Why Thousands of Germans Killed Themselves after World War II

April 29 2020

Recently published in English, the German historian Florian Huber’s Promise Me You’ll Shoot Yourself examines the wave of suicides that swept through the Third Reich immediately before and after its defeat in 1945. Tom Rice writes in his review:

Through diaries, memoirs, and public records, Huber follows ordinary Germans through the Reich’s last days, which were, for many, the last days of their lives. We meet the elderly couples who hung themselves together, the fathers who shot their families before taking their own lives, and the mothers who marched to their fate in icy rivers, dragging their children behind them.

[But] Huber ultimately understates the significance of the German mass suicides. For him, Germans who killed themselves in 1945 did so either to avoid the fate that awaited them at the hands of the Allies—like the citizens fearful of the brutality of Russian soldiers, as was Hitler himself—or to escape the guilt that would overwhelm them once imminent defeat revived their dormant consciences. Whatever the reasons, the sheer number of Germans who chose to take their own lives is remarkable.

To answer the question of why they did it, Rice turns to Hannah Arendt’s observation that “just as the law in civilized countries assumes that the voice of conscience tells everybody ‘Thou shalt not kill,’ . . . so the law of Hitler’s land demanded that the voice of conscience tell everybody: ‘Thou shalt kill.’”

Mass suicide sprang from [an] inversion of moral imperatives, one that transformed self-harm from a sin into a necessity. In a sense, it was the logical conclusion of the twisted morality that Arendt described: standing face-to-face with the abyss, thousands of Germans followed Nazism’s commandment to kill—one last time. Promise Me You’ll Shoot Yourself offers important historical insight for any theoretical analysis of Nazism. By cataloguing the self-inflicted carnage of 1945, Huber offers another way of understanding the human cost of political evil.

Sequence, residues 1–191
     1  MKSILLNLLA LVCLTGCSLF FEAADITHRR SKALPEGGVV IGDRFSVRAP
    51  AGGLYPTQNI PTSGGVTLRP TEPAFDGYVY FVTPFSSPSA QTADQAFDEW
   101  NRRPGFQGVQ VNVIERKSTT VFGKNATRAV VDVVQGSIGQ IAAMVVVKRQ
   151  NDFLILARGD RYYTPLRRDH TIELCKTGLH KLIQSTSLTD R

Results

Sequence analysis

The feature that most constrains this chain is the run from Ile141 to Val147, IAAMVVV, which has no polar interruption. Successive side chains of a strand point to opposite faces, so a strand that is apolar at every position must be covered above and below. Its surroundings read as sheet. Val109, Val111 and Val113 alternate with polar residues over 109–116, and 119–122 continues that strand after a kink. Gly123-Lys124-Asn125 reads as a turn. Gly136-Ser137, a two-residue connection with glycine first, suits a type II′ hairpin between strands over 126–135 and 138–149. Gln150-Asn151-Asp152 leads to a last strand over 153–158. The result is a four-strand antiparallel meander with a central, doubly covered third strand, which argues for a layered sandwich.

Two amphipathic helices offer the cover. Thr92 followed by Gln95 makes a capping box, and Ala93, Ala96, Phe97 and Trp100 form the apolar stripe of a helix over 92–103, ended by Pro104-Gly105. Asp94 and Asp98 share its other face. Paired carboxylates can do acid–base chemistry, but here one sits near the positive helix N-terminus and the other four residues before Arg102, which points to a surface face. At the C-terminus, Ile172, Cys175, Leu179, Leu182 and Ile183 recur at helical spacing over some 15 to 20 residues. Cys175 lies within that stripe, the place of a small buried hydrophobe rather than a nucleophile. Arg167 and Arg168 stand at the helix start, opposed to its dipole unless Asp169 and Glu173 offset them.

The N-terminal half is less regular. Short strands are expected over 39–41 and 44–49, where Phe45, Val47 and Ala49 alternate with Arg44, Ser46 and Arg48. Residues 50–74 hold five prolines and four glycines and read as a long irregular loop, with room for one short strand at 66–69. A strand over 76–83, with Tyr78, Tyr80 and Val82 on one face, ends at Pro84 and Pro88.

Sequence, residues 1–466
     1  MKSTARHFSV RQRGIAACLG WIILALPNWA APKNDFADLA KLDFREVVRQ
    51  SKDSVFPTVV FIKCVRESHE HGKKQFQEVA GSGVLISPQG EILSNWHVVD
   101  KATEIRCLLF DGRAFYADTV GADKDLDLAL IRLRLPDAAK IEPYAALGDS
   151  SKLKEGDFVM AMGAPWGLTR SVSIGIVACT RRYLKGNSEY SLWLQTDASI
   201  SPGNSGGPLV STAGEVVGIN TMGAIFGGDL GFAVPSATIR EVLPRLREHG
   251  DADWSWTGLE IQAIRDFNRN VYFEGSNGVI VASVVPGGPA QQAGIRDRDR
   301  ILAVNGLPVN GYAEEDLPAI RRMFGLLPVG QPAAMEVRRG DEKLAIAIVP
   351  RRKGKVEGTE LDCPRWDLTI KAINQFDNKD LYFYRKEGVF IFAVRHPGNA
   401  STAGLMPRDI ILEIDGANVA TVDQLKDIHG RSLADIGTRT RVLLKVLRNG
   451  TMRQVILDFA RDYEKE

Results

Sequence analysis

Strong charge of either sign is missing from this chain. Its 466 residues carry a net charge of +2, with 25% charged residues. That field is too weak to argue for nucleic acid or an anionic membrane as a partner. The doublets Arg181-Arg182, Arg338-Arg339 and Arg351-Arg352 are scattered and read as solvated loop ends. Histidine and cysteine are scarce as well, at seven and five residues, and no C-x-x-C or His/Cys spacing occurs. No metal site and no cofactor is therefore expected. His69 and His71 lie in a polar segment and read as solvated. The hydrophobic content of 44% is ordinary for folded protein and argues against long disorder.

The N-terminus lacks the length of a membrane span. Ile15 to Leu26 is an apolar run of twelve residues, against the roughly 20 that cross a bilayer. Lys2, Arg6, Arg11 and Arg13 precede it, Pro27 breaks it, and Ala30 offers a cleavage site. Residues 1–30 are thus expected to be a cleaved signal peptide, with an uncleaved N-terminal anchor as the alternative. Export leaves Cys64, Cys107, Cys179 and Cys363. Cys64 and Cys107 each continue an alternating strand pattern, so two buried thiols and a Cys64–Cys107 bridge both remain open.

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Read more at City Journal

More about: Hannah Arendt, Nazism, Suicide, World War II

Iran, America, and the Future of Democracy in the Middle East

Nov. 23 2022

Sixty-two days after the death of Mahsa Amini at the hands of the Islamic Republic’s police, the regime has failed to quash the protest movement. But it is impossible to know if the tide will turn, and what the outcome of the government’s collapse might be. Reuel Marc Gerecht considers the very real possibility that a democratic Iran will emerge, and considers the aftershocks that might follow. (Free registration required.)

American political and intellectual elites remain uneasy with democracy promotion everywhere primarily because it has failed so far in the Middle East, the epicenter of our attention the last twenty years. (Iraq’s democracy isn’t dead, but it didn’t meet American expectations.) Might our dictatorial exception for Middle Eastern Muslims change if Iran were to set in motion insurrections elsewhere in the Islamic world, in much the same way that America’s response to 9/11 probably helped to produce the rebellions against dictatorship that started in Tunisia in 2010? The failure of the so-called Arab Spring to establish one functioning democracy, the retreat of secular democracy in Turkey, and the implosion of large parts of the Arab world have left many wondering whether Middle Eastern Muslims can sustain representative government.

In 1979 the Islamic revolution shook the Middle East, putting religious militancy into overdrive and tempting Saddam Hussein to unleash his bloodiest war. The collapse of Iran’s theocracy might be similarly seismic. Washington’s dictatorial preference could fade as the contradictions between Arab tyranny and Persian democracy grow.

Washington isn’t yet invested in democracy in Iran. Yet, as Supreme Leader Ali Khamenei has often noted, American hostility toward the Islamic Republic has been damaging. If the theocracy falls, Iranians will surely give America credit—vastly more credit that they will give to the European political class, who have been trying to make nice, and make money, with the clerical regime since the early 1990s—for this lasting enmity. We may well get more credit than we deserve. Both Democrats and Republicans who have dismissed the possibilities of democratic revolutions among the Muslim peoples of the Middle East will still, surely, claim it eagerly.

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Read more at Dispatch

More about: Arab democracy, Democracy, Iran, Middle East, U.S. Foreign policy